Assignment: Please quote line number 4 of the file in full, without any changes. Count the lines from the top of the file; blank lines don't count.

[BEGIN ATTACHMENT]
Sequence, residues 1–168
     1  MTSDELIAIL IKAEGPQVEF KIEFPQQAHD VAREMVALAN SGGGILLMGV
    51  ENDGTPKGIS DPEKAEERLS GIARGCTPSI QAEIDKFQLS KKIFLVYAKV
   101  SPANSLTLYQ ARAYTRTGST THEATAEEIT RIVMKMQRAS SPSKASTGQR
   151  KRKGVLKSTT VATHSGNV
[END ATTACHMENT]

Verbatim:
   101  SPANSLTLYQ ARAYTRTGST THEATAEEIT RIVMKMQRAS SPSKASTGQR